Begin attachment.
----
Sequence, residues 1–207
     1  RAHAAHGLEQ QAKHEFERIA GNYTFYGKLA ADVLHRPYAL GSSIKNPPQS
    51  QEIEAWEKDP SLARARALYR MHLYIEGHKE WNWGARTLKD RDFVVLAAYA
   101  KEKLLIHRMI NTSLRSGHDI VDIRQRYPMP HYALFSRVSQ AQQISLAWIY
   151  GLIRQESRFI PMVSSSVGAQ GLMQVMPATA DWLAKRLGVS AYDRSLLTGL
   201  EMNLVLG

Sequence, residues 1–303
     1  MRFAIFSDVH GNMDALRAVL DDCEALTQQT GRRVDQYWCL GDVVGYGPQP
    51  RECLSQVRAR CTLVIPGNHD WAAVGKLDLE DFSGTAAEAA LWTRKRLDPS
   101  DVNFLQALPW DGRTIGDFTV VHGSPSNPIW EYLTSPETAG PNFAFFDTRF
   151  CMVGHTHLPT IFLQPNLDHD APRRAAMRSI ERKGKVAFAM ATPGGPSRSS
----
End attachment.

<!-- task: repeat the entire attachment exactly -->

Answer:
Sequence, residues 1–207
     1  RAHAAHGLEQ QAKHEFERIA GNYTFYGKLA ADVLHRPYAL GSSIKNPPQS
    51  QEIEAWEKDP SLARARALYR MHLYIEGHKE WNWGARTLKD RDFVVLAAYA
   101  KEKLLIHRMI NTSLRSGHDI VDIRQRYPMP HYALFSRVSQ AQQISLAWIY
   151  GLIRQESRFI PMVSSSVGAQ GLMQVMPATA DWLAKRLGVS AYDRSLLTGL
   201  EMNLVLG

Sequence, residues 1–303
     1  MRFAIFSDVH GNMDALRAVL DDCEALTQQT GRRVDQYWCL GDVVGYGPQP
    51  RECLSQVRAR CTLVIPGNHD WAAVGKLDLE DFSGTAAEAA LWTRKRLDPS
   101  DVNFLQALPW DGRTIGDFTV VHGSPSNPIW EYLTSPETAG PNFAFFDTRF
   151  CMVGHTHLPT IFLQPNLDHD APRRAAMRSI ERKGKVAFAM ATPGGPSRSS